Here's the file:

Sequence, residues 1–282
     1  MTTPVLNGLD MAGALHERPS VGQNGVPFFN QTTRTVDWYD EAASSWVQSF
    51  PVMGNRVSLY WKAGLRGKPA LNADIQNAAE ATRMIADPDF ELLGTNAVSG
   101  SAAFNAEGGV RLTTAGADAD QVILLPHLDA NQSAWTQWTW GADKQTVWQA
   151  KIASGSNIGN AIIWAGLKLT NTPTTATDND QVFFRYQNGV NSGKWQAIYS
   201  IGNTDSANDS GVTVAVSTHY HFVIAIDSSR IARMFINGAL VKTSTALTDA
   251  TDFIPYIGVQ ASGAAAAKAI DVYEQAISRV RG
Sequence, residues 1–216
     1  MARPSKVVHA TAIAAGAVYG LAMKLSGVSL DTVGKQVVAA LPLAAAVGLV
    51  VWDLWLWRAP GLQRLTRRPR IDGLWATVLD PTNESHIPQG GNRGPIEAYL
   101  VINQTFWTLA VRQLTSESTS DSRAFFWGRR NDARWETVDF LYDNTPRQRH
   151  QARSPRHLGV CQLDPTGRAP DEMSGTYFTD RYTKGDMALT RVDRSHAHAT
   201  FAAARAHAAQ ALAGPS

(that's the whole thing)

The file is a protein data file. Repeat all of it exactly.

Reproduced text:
Sequence, residues 1–282
     1  MTTPVLNGLD MAGALHERPS VGQNGVPFFN QTTRTVDWYD EAASSWVQSF
    51  PVMGNRVSLY WKAGLRGKPA LNADIQNAAE ATRMIADPDF ELLGTNAVSG
   101  SAAFNAEGGV RLTTAGADAD QVILLPHLDA NQSAWTQWTW GADKQTVWQA
   151  KIASGSNIGN AIIWAGLKLT NTPTTATDND QVFFRYQNGV NSGKWQAIYS
   201  IGNTDSANDS GVTVAVSTHY HFVIAIDSSR IARMFINGAL VKTSTALTDA
   251  TDFIPYIGVQ ASGAAAAKAI DVYEQAISRV RG
Sequence, residues 1–216
     1  MARPSKVVHA TAIAAGAVYG LAMKLSGVSL DTVGKQVVAA LPLAAAVGLV
    51  VWDLWLWRAP GLQRLTRRPR IDGLWATVLD PTNESHIPQG GNRGPIEAYL
   101  VINQTFWTLA VRQLTSESTS DSRAFFWGRR NDARWETVDF LYDNTPRQRH
   151  QARSPRHLGV CQLDPTGRAP DEMSGTYFTD RYTKGDMALT RVDRSHAHAT
   201  FAAARAHAAQ ALAGPS